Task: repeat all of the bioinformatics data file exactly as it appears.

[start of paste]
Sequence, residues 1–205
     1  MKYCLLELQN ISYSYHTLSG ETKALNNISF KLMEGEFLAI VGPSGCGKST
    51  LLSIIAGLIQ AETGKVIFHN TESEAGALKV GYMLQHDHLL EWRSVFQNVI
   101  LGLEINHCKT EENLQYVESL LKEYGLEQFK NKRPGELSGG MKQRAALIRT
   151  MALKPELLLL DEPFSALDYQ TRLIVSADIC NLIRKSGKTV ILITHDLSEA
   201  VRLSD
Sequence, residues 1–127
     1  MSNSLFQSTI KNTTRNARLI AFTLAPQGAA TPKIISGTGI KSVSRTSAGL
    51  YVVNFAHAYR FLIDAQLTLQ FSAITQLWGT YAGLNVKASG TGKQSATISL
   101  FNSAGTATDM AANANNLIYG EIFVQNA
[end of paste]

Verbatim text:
Sequence, residues 1–205
     1  MKYCLLELQN ISYSYHTLSG ETKALNNISF KLMEGEFLAI VGPSGCGKST
    51  LLSIIAGLIQ AETGKVIFHN TESEAGALKV GYMLQHDHLL EWRSVFQNVI
   101  LGLEINHCKT EENLQYVESL LKEYGLEQFK NKRPGELSGG MKQRAALIRT
   151  MALKPELLLL DEPFSALDYQ TRLIVSADIC NLIRKSGKTV ILITHDLSEA
   201  VRLSD
Sequence, residues 1–127
     1  MSNSLFQSTI KNTTRNARLI AFTLAPQGAA TPKIISGTGI KSVSRTSAGL
    51  YVVNFAHAYR FLIDAQLTLQ FSAITQLWGT YAGLNVKASG TGKQSATISL
   101  FNSAGTATDM AANANNLIYG EIFVQNA